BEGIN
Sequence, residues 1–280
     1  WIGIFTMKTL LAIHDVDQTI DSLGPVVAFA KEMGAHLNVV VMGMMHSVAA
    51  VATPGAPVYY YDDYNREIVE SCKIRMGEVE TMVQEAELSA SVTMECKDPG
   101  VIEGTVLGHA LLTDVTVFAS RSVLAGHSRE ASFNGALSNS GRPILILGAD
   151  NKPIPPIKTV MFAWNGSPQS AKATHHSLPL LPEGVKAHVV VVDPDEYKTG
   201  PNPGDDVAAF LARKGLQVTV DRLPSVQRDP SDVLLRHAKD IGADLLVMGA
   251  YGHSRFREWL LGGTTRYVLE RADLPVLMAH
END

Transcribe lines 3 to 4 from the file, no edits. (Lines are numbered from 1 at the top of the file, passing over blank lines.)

    51  VATPGAPVYY YDDYNREIVE SCKIRMGEVE TMVQEAELSA SVTMECKDPG
   101  VIEGTVLGHA LLTDVTVFAS RSVLAGHSRE ASFNGALSNS GRPILILGAD